A second non-obvious implication of Windsor stems from what Justice Kennedy left out: nowhere in his opinion are civil unions or registered domestic partnerships even mentioned. The opinion thus leaves open whether the federal government may or must treat couples who have entered into such relationships as "married" for tax and benefit purposes.

This is a complicated question. In California, for example, heterosexual couples can choose between marriage and registered domestic partnership. California's purpose in this choice is to allow heterosexual couples the state-law benefits of marriage without subjecting them to the sometimes unfavorable federal tax and benefit consequences.

Is offering such a choice a "deprivation of liberty"? Is it discriminatory? Arguably not, at least in a state like California that gives couples a choice between the two types of relationships.

Two cases decided since Windsor suggest where the law may be heading. In Obergefell v. Kasich, the US District Court for the Southern District of Ohio ordered Ohio to recognize plaintiffs' same-sex marriage performed in Maryland, notwithstanding Ohio's constitutional provisions prohibiting such recognition. The court reasoned: "[T]he Ohio scheme has unjustifiably created two tiers of couples: (1) opposite-sex married couples legally married in other states; and (2) same-sex married couples legally married in other states. This lack of equal protection is fatal."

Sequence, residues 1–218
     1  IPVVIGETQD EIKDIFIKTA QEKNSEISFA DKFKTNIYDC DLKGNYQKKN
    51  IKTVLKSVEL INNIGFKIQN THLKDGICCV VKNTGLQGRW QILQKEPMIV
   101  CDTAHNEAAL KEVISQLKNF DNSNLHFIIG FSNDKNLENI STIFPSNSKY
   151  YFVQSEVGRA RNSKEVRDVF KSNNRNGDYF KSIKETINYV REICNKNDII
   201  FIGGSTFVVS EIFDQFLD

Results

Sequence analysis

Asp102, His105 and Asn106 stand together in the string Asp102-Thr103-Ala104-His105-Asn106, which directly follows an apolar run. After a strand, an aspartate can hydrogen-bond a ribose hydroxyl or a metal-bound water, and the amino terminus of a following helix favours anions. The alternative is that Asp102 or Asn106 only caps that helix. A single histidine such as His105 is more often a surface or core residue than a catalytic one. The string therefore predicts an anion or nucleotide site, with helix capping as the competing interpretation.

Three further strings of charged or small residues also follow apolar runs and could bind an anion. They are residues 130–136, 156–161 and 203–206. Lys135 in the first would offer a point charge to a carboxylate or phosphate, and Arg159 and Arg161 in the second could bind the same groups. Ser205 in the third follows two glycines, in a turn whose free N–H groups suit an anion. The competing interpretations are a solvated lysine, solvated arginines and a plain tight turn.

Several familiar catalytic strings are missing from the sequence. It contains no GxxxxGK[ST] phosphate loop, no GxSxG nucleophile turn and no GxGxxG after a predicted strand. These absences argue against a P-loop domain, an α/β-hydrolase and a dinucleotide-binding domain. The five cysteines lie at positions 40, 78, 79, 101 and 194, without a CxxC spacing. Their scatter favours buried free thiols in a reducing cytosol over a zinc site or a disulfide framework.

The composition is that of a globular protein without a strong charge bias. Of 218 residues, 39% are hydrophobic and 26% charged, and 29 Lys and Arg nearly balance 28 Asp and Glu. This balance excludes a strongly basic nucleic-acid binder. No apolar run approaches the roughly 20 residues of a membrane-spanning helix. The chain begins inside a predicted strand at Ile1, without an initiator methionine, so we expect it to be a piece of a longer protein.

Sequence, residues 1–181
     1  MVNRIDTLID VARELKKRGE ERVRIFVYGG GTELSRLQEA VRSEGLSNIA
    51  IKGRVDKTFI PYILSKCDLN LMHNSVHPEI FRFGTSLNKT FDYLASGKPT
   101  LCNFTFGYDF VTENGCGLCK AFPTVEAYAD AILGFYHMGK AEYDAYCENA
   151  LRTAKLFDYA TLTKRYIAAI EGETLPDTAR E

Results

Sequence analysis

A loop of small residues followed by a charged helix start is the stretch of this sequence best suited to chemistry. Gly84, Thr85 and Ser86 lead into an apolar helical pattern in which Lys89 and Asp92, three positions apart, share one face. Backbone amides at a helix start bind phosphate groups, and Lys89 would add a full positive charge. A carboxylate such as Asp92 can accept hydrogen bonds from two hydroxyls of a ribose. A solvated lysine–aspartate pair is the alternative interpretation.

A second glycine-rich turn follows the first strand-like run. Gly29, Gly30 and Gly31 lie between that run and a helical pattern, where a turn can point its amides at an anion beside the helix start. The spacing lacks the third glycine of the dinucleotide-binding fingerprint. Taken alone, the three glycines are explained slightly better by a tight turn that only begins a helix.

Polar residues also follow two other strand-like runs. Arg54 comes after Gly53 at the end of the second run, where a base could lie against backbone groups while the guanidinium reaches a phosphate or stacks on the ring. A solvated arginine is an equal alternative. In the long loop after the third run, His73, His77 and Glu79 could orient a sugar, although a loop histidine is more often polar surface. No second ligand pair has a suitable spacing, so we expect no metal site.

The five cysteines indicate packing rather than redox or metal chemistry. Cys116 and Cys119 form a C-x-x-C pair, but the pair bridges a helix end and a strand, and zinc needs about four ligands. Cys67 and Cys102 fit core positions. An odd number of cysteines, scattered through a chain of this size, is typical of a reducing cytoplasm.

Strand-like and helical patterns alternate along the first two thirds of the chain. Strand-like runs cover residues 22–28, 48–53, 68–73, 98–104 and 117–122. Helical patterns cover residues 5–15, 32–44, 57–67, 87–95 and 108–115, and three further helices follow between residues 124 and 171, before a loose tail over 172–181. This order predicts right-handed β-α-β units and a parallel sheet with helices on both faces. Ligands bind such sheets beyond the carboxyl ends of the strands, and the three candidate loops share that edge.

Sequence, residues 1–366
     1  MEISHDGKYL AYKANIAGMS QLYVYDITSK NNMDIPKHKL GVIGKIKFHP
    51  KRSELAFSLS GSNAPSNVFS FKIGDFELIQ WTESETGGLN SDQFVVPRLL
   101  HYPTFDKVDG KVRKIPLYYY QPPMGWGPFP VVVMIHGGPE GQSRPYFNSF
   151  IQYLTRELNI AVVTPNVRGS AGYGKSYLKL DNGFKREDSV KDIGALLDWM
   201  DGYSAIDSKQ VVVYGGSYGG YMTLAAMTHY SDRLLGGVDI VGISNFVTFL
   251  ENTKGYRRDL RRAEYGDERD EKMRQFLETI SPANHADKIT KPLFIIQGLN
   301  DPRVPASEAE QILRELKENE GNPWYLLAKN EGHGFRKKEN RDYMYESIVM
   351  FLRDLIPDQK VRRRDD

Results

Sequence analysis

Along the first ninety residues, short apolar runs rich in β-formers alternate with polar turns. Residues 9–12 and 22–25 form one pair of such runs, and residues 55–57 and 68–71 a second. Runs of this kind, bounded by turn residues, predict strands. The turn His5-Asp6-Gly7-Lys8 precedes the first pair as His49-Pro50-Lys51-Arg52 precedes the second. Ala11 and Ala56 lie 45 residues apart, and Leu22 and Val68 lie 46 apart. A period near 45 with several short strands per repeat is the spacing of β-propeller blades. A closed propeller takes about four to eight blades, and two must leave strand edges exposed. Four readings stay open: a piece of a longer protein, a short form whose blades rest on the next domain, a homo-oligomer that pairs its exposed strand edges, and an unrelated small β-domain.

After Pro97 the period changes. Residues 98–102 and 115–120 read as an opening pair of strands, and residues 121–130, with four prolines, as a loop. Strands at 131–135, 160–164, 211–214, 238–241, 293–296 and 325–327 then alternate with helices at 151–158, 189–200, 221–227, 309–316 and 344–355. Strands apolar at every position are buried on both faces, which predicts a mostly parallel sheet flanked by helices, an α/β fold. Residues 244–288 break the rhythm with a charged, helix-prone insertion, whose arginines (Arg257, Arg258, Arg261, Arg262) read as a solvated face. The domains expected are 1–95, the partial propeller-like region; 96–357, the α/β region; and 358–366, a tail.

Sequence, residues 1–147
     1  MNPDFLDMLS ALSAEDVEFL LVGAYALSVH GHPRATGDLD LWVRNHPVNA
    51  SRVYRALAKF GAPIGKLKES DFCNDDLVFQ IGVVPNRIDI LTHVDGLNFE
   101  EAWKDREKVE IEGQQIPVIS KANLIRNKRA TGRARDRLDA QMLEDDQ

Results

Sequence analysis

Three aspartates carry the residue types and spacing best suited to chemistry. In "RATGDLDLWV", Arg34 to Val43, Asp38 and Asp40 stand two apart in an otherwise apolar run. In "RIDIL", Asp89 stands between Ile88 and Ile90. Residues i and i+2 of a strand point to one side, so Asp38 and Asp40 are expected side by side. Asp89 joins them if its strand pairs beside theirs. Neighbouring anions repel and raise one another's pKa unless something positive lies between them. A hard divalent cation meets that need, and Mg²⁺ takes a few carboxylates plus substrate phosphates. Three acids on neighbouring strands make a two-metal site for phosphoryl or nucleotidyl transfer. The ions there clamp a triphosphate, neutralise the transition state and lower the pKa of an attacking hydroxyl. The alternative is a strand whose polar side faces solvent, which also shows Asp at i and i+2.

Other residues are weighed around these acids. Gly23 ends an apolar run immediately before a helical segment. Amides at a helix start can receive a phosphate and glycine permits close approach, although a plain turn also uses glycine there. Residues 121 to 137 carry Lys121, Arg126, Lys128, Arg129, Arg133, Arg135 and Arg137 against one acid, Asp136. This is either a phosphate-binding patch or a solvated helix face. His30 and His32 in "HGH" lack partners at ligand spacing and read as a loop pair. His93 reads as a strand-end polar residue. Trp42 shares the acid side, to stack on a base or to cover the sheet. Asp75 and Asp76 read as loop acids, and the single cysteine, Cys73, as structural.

In O'Connor v. Tobits, the US District Court for the Eastern District of Pennsylvania held that, for ERISA (Employee Retirement Income Security Act) purposes, the term "spouse" included a same-sex partner whose marriage in Canada was confirmed by civil union ceremony in Illinois. Also, the plaintiff was recognized as a "surviving spouse" in Illinois, the couple's place of domicile.

On July 24, 2013, the Registrar of Wills in Montgomery County, Pennsylvania announced that he believed that Pennsylvania's law prohibiting same-sex marriage was unconstitutional and had issued a marriage license to a same-sex couple. The state Attorney General responded that she would not defend Pennsylvania's prohibition.

It should be obvious that neither Windsor nor Hollingsworth is going to be the Supreme Court's final word on the subject. But Windsor, in particular, has reshaped the American legal landscape.

Theodore Seto holds the Frederick J. Lower, Jr. Chair at Loyola Law School, Los Angeles, where he teaches tax law and policy. After clerking for Judge Walter Mansfield of the Second Circuit, he practiced for fourteen years as a civil litigator and tax attorney with the firms of Foley, Hoag & Eliot in Boston, and Drinker Biddle & Reath in Philadelphia. He joined the Loyola faculty in 1991. His current research interests include tax theory and jurisprudence.

Suggested citation: Theodore Seto, Windsor: Just the Beginning of the Supreme Court's Involvement in Same-Sex Marriage, JURIST - Forum, Aug. 19, 2013,